Economic optimism falls to its lowest level for four years
Britons think Brexit will be worse for economy in the short-term, but better in the long term.
Half expect less EU immigration than if UK had voted to stay, but only 30% think it will reduce immigration from rest of world.
Ipsos MORI’s Economic Optimism Index has fallen to its lowest level since January 2012, this month’s results reveal. Nearly six in ten worry Britain’s general economic condition will get worse over the next 12 months (57%, up 28 points since last month’s 29%), compared with just one in four (23%, up since 19% in June) who think it will get better (16% say it will stay the same, down from 31% last month). This gives an Ipsos MORI Economic Optimism Index (% better minus % worse) of -34, compared with -10 in June.
The biggest increases in pessimism have been amongst:
- young people (an increase of 40 percentage points among 18-34s saying the economy will get worse, compared with an increase of 18 points among those aged 55+)
- those in social grades AB (an increase in pessimism of 43 points, compared with an increase of 15 points among C2DEs)
- mortgage holders and private renters (increases of 43 points and 39 points respectively, compared with increases of 14 points among those who own their homes outright and 16 points among social renters)
- Those living in the South (an increase of 43 points)
Meanwhile, Britons are still working through the impact of the leave vote in June’s EU referendum. Half think it will be worse for Britain’s economy over the next five years (49%, vs 38% thinking it will be better), but this switches over for the longer term – 55% think it will be better for Britain’s economy over the next ten-twenty years, while 24% think it will be worse. On balance views are negative about the impact on people’s own standard of living (21% better, 36% worse), but many (39%) say it will make no difference. This broad pattern is the same as people’s hopes and fears for Brexit before the referendum, but since the result there have been increases in those feeling that it will be better for Britain’s economy both in the short-term (up 12 points) and in the longer term (up 16 points).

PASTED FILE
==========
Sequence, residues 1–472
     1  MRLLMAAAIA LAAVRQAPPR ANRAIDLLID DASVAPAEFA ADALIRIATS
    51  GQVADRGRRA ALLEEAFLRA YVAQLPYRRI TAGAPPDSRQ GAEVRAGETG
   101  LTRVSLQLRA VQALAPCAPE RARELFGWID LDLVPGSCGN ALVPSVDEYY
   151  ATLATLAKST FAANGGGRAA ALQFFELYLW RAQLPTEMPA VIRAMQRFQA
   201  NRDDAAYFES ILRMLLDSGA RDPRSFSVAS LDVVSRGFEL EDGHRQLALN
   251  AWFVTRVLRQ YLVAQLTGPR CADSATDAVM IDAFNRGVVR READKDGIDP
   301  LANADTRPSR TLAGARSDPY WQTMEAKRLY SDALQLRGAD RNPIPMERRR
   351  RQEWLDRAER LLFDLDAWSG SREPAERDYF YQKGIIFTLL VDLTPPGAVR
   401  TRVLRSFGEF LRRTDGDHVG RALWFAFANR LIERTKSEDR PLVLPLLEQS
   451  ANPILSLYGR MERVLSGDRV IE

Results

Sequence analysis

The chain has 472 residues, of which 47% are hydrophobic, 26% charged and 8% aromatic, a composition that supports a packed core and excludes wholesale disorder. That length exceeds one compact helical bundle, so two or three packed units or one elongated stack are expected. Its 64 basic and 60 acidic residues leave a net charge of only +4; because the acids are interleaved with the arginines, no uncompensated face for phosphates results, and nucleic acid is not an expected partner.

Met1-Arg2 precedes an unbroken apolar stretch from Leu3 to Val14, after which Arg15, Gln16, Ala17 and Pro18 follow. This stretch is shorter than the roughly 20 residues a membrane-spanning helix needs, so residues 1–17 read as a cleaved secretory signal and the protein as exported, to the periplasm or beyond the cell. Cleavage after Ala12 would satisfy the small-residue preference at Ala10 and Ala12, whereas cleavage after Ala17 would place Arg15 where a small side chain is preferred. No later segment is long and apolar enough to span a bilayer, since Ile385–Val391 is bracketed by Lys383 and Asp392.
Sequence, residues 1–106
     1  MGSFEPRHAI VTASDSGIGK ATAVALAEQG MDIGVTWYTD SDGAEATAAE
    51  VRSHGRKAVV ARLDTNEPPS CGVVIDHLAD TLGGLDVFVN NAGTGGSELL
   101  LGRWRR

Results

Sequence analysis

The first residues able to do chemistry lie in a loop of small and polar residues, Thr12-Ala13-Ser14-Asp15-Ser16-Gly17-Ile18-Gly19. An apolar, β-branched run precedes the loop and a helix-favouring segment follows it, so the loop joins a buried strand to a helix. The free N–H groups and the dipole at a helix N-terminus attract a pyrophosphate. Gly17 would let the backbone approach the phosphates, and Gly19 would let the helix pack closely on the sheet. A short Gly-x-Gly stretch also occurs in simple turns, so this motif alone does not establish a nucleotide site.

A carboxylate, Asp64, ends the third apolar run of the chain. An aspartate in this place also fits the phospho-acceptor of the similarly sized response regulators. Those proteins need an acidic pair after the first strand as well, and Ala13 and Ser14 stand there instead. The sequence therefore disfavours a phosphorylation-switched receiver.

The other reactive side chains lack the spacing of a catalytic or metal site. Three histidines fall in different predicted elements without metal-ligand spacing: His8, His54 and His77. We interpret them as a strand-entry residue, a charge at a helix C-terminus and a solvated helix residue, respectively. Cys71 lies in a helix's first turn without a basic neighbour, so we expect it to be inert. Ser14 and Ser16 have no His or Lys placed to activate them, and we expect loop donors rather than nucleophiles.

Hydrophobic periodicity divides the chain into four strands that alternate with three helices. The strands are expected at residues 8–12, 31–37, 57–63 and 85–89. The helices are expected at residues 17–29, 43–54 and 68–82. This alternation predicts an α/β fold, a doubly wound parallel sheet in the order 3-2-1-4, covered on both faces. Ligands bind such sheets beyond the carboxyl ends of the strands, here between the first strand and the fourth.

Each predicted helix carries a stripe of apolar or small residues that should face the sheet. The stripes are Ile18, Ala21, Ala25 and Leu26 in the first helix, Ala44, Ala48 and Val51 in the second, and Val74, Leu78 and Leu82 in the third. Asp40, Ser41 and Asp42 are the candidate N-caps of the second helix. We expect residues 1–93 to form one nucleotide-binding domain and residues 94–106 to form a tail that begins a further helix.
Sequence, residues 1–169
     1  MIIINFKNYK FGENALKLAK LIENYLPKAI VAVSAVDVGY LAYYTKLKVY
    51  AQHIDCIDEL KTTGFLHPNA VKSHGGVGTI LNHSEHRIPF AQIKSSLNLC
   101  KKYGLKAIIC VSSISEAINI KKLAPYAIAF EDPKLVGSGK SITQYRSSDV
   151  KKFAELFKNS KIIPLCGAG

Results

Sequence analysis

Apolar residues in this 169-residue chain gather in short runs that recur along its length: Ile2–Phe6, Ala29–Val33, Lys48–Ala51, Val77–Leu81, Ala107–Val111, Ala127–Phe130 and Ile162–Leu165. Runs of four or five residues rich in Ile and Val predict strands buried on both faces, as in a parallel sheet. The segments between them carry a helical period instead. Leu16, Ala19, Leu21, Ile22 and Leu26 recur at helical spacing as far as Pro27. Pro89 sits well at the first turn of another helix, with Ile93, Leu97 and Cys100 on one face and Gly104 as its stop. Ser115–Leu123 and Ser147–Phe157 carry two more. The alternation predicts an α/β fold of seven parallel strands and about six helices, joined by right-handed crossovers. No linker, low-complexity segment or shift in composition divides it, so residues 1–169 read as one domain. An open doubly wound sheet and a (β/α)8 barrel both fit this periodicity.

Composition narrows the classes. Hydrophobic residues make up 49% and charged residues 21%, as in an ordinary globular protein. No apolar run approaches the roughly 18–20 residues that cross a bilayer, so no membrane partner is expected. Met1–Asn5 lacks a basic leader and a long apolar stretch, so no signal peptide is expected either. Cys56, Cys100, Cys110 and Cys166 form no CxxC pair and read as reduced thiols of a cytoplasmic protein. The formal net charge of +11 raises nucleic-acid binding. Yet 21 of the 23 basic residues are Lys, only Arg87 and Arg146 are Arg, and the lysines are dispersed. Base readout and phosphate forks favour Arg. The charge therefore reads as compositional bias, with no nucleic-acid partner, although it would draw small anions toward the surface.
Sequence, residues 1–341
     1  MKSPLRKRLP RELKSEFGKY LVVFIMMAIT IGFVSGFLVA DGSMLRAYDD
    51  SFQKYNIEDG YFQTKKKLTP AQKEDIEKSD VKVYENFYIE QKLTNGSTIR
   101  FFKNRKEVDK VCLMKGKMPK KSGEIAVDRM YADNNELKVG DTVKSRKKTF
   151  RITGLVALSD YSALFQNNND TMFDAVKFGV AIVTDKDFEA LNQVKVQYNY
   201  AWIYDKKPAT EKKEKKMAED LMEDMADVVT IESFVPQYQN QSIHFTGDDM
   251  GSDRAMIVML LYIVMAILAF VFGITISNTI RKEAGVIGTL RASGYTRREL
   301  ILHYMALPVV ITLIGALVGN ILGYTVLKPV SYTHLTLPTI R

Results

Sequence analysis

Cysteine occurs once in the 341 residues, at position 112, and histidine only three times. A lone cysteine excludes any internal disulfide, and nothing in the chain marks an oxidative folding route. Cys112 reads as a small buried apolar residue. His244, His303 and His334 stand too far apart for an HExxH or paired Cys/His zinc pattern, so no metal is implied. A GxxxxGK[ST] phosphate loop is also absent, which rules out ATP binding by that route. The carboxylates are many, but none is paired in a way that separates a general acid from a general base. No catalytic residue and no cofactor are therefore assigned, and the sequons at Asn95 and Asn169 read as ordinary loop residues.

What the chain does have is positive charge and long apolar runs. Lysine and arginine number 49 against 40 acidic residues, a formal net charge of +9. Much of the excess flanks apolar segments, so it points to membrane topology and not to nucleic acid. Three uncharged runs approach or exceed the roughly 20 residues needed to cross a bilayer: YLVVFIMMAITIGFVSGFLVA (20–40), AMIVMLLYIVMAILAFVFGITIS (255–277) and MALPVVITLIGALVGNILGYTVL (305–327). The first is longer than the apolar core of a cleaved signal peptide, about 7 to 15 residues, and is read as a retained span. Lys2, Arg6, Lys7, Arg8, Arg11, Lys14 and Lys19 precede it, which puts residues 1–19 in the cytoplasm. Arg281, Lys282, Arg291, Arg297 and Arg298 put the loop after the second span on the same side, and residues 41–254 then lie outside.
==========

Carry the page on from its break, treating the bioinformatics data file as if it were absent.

The public is split on Brexit’s impact on public services (32% better, 36% worse), and on Britain’s national security (32% better, 31% worse). They are worried about what it means for Britain’s influence in the world (31% better, 42% worse), but hopeful for Britain’s ability to make decisions in its own best interests (59% better, 21% worse).
On immigration, one of the key issues of the campaign, half (49%) think the Brexit vote will lead to lower numbers of EU immigration than if we had voted to remain, although 41% say it will make no difference (7% think it will be higher). When it comes to immigration from countries outside the EU, half (51%) think the leave vote will make no difference to the numbers coming to the UK. Three in ten (30%) believe it will be lower than under a remain vote, while 14% think it will be higher.
Gideon Skinner, Head of Political Research at Ipsos MORI, said:
“We have seen a sharp drop in economic optimism this month, especially marked among those groups more likely to vote remain in the EU referendum. Meanwhile, the divisions revealed by the Brexit vote remain (although there are signs that in the immediate aftermath people are feeling a bit more positive than they were before the result, though that could of course change): Britons are worried about the short-term economic impact, but more hopeful for the next ten to twenty years. Expectations for immigration, the number one issue for leave voters, are mixed – half think the numbers of EU immigration will be lower than if we had stayed in the EU, but only three in ten think it will have the same effect on immigration from the rest of the world.”